The judge's decision raises a frightening but seemingly reasonable prospect: that, under certain circumstances, scientists may be held accountable for placing PR considerations ahead of their basic responsibilities as scientists. It's unclear whether the seven actually did so, but that is the judge's claim.
Prosecutors in the case had requested 4-year prison sentences. In going beyond that term, Billi says that "the guilt of the defendants is certainly severe" and adds that their guilt is accentuated by what he describes as the "conscious and uncritical adherence to the will of the head of the civil protection department," Guido Bertolaso, to carry out what Bertolaso had called a "media operation," which meant that the experts spoke directly with the public rather than via the civil protection department. Billi says that each of the seven commission members played an important role in the meeting and that they worked together as a collective unit.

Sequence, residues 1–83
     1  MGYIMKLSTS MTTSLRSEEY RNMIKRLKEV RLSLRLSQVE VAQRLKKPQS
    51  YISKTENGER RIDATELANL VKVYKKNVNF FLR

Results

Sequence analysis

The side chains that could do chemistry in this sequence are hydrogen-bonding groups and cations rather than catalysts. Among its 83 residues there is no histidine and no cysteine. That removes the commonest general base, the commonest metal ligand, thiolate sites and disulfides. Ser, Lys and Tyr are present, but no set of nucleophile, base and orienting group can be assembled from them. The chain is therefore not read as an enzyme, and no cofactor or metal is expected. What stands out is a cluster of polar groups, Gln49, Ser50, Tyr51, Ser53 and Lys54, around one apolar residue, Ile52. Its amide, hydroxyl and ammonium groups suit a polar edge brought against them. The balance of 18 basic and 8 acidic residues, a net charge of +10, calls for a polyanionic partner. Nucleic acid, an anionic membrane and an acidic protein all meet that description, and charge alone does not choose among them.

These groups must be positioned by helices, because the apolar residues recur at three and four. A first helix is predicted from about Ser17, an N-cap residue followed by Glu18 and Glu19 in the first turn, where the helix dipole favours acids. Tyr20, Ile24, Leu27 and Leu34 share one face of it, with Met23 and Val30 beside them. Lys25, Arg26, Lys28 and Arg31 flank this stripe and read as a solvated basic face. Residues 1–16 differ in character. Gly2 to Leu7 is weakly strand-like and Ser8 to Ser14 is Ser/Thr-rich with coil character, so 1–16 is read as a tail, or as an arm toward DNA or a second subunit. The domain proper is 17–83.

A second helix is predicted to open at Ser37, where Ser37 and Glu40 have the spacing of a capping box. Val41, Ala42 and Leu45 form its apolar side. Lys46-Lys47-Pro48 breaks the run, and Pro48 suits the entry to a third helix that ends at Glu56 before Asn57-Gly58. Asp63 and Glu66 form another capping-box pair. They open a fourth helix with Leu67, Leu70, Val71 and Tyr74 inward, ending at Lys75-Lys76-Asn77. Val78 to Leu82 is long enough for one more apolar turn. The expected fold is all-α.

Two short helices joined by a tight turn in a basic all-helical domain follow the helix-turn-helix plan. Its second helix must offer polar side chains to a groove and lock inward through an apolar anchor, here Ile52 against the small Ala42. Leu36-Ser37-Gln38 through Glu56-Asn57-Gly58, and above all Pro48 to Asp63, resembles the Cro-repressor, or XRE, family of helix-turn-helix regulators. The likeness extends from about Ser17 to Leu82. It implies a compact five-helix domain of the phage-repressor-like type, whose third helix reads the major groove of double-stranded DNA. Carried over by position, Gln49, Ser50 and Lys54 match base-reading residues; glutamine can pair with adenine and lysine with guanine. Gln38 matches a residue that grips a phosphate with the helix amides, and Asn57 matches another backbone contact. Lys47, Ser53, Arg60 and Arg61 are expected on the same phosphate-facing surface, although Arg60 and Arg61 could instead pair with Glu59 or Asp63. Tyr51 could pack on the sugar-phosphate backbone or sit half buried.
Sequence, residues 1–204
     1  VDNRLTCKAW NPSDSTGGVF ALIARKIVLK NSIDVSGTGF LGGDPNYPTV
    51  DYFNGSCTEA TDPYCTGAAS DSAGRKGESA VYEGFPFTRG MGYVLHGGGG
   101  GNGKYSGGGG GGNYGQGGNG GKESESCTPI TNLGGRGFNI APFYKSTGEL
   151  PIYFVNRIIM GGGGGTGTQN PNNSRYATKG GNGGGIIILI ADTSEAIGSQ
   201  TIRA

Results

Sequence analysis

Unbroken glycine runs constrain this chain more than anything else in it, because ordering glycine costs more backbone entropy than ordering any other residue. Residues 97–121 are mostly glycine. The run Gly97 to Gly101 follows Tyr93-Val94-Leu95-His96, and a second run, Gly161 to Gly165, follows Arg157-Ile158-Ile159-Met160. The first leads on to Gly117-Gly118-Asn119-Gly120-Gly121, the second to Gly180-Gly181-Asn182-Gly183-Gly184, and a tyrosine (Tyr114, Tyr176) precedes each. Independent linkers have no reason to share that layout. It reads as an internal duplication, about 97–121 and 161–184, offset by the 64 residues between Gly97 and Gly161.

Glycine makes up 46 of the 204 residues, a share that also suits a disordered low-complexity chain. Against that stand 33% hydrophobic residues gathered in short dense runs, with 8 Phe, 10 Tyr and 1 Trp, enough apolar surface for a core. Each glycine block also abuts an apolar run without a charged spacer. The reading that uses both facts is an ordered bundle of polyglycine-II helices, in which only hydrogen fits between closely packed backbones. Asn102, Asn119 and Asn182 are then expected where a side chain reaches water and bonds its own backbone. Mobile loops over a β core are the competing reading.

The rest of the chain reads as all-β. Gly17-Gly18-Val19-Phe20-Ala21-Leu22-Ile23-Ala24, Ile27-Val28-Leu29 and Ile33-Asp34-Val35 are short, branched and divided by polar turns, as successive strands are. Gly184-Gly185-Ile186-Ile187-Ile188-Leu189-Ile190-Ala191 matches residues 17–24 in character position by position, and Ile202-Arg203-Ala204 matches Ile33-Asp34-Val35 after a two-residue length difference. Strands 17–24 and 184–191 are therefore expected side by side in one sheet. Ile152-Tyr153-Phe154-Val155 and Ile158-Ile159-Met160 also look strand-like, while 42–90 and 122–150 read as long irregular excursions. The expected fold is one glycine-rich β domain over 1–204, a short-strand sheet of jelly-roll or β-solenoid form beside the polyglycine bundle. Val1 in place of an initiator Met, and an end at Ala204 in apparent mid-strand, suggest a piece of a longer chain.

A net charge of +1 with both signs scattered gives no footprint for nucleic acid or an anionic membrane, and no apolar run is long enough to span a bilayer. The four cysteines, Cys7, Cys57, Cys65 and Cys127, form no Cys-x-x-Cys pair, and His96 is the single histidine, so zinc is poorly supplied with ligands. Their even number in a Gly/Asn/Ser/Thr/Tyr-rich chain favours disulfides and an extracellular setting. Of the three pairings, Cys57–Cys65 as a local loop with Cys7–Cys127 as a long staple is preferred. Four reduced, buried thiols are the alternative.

I'm not in a position to judge whether the seven scientists did what the judge said they did, but in light of much of the media coverage of the decision, the judge's thinking seems surprisingly sober. In any case, it demonstrates that under certain circumstances the law may hold scientists liable for the quality of their advice, and suggests that they may have a legal, professional responsibility to put evidence and sober analysis before expediency. The decision derives, apparently, from the scientists' failure to meet official responsibilities as members of a government committee--yet there are many other circumstances in which scientists are called on to deliver advice. As scientists take on more roles in setting policy and advising governments on risk, it's easy to envision other circumstances in which they could be held criminally liable for the quality of their work.